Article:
Shop Class As Soulcraft by Matthew B. Crawford

shop class

The value of work is the recurring theme in Shop Class As Soulcraft.  This eyebrow-raising book explores the dichotomy between white collar employment, of the two considered more academic and abstract, and the milieu of the trades,  in which the work is more hands-on and direct.  Crawford discusses the effects of the industrial age, in which the role of the knowledgeable craftsman diminished in the wake of assembly lines and motion studies, and the worker was further distanced from control of a finished product.  In his view, this has continued on to the present-day office setting, where a “product” is often something not tangible and workers are valued more for collective malleability than for individual talent.  For lack of any real contact with a physical product, modern day cubicle dwellers don’t find a sense of meaning in their work.  Workers in the trades do have hands-on experience, they do see the actual fruit of their labors, and therefore, work has meaning to them.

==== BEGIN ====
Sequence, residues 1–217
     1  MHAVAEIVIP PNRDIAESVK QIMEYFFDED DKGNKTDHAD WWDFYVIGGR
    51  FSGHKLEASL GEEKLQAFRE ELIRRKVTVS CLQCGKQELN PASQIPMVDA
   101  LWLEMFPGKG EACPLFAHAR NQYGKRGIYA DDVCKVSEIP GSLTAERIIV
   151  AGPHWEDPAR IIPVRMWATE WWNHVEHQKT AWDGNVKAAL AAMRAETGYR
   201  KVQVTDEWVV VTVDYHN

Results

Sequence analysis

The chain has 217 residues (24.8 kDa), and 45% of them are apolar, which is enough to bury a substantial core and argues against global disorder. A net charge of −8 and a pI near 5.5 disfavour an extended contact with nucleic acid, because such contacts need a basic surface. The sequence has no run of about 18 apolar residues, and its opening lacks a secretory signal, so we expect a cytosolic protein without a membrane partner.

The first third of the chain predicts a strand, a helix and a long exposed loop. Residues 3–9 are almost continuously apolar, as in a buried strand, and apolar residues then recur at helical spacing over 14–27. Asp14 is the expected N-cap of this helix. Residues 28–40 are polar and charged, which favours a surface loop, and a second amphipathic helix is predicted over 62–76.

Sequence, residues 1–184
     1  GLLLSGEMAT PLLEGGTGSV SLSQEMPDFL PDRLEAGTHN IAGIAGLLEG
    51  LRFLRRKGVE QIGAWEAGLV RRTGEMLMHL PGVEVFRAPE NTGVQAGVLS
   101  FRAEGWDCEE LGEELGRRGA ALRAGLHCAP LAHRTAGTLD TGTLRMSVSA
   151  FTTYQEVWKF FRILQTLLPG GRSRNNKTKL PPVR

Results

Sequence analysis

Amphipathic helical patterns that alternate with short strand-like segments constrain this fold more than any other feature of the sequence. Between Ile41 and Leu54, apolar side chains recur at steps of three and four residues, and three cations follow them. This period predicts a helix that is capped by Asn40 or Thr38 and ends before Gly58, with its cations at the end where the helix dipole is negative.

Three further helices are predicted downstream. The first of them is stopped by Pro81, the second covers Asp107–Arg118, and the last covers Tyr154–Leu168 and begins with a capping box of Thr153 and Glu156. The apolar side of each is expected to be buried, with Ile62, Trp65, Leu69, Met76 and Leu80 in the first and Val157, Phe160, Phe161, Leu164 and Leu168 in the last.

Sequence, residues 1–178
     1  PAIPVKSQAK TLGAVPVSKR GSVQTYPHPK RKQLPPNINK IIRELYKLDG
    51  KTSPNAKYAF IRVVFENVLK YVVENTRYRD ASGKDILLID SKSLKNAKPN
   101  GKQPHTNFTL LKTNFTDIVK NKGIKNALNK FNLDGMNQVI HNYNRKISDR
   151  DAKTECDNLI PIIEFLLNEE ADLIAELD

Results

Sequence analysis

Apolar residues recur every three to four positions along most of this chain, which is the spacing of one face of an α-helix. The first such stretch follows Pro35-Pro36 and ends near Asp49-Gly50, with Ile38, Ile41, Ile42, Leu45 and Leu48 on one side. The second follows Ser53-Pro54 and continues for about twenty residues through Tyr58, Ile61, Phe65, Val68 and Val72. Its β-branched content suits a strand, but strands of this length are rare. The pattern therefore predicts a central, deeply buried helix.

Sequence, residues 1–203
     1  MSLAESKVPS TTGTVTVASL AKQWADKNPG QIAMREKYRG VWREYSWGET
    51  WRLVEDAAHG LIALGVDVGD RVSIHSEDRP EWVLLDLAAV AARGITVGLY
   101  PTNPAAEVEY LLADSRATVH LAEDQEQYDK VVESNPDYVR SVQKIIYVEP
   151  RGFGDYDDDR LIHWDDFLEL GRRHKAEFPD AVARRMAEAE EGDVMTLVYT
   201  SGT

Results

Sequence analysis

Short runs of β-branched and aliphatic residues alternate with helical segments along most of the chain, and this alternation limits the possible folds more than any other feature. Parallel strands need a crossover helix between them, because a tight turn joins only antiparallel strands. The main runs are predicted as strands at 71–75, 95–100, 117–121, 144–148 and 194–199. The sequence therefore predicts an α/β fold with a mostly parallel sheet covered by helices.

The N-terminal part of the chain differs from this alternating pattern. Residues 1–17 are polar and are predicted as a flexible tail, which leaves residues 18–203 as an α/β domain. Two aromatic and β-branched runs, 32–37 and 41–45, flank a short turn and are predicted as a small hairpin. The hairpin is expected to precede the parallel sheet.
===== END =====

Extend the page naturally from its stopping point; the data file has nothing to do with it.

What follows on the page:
The author has had his feet in both camps.  He slogged through the acquisition of graduate degrees, and worked in moneyed think tanks and “information worker” settings, but found far greater satisfaction (and better money, in some cases) working as an electrician between college semesters.  In the present day, he runs a motorcycle repair shop, and revels in the lessons learned through the world of machines.

Shop Class As Soulcraft is certainly timely – the manufacturing and information sectors may get whittled away to overseas operations, but things still break down, here and at the moment, and somebody has to know how to deal with these things.  I’m not sure if this book is THE manifesto to give the trades their due, but I’d vote it a high mark.  It’s written almost as a philosophical treatise, and there’s some wordiness here to go through, but keep at it – the message is essential for those considering a career path beyond the cube farm.

(William Hicks, Information Services)

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